*So Hot Off the Presses (it almost hurts): Fashion journalist (and stale hamburger) Cathy Horyn caught the just-debuted Fall 2013 Prada womenswear collection in Milan and writes that “male designers have never been good at the kind of fashion known as ‘ugly chic.’ That emotional territory belongs to female designers. Actually, the territory belongs to just one (Miuccia Prada)”.
I personally think the “ugly chic” club could be expanded to a membership of two by including the talented Consuelo Castiglioni of Marni.
*Related, yet not so weirdly: Miuccia Prada reworked forty dresses from her design archives for use in the upcoming Great Gatsby movie, which (coincidentally?) seems to feature *a lot* of cool cars:
I’m sensing a theme, and rolling right along with that theme, I’m suggesting snow tires: Winter for luxury in China — “Report from Bain & Company confirmed that the growth rate of Chinese luxury market significantly decreased to 7% in 2012 from 30% in 2011. The increase of Chinese consumers shopping overseas is believed to be one main reason for the slump of Chinese luxury market . . . According to data from Bain & Company, 60 percent of the total luxury consumption of Chinese people was taken place overseas. The huge price gap in between Chinese market and overseas market has largely encourages the overseas consumption.”
Which would certainly explain why the state Chinese media is attempting to publicly shame their citizens who travel to other countries and spend money on luxury goods instead of buying bags, shoes and jewellery from stores at home: “China’s state broadcaster ran a story on Monday highlighting the vast amount of money consumers are spending overseas to buy luxury goods abroad, evading mainland tariffs that increase prices on goods by 30% to 50%. The broadcast came shortly after a commentary from China’s official Xinhua news agency that criticized luxury consumers, saying that they are avoiding tariffs that would benefit the nation.”
Wow. A 30%-to-50% tariff on luxury goods? No wonder Chinese tourists are spending like drunken sailors when they travel — everything must seem bizarrely affordable once they hit the department stores in Europe and the US.
To be fair, many Chinese prefer to purchase their branded luxury goods outside of China not because of tax avoidance, but because of the domestic counterfeiting problem. See: China arrests 73, seizes 20,000 fake luxury bags in busts and Fake Hermes factory busted in Heyuan and Luxury counterfeiting still big business in China’s southern cities and so on.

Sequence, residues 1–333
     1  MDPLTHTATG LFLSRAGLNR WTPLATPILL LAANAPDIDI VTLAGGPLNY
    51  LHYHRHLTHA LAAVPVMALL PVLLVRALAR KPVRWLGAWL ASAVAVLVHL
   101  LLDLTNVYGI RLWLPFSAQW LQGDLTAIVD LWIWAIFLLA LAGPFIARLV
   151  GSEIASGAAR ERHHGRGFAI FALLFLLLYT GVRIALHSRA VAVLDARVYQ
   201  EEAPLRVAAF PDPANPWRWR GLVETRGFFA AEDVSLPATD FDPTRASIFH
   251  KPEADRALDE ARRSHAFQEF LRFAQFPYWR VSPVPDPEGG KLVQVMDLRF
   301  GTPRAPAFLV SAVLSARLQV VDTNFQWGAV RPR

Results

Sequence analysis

When Chinese tourists lug home an Hermes bag that they purchased from an Hermes shop in Paris, they’ll likely sleep a little better knowing that they spent their hard-earned money on the real thing.
The real, absurdly-marked-up-retail-price thing, I mean. Because even though Chinese tourists are spending outside of China to take advantage of comparably lower prices and a guarantee of authenticity, it doesn’t mean the brands won’t do their best to price-gouge them anyway: “Considering mainland Chinese constitute a large portion of overseas sales, hiking up prices seems to not only leave China’s nose-bleed ticket prices unresolved, but threatens the European market as well. Chinese tourists traveling to Europe in good faith that their favourite luxury items will be sold at more affordable prices could be discouraged from returning if the price gap is mitigated solely by price increases.”
*Related: Bottega Veneta to invest in building more boutiques in Europe, says Europe is a shop window for China. The idea being that Chinese tourists will travel to Europe, see a bunch of terrific Bottega Veneta boutiques where they’ll get an idea of a very successful luxury brand, and then go back home and purchase it there, too.
*Up and Coming: PPR recently announced a majority investment in Christopher Kane, one of London’s hottest young fashion design talents. Not to be outdone, LVMH secured its own investment in young French designer Maxime Simoens, a name that was rumoured to replace Galliano at Dior before Raf Simons was brought on board.
Christopher Kane Fall 2013 – The House that PPR is building
Christopher Kane’s name was floated as a potential head designer for PPR’s Balenciaga label after Nicolas Ghesquière left, but NYC talent Alexander Wang was hired, instead (see: Why Alexander Wang Was Given The Keys To Balenciaga).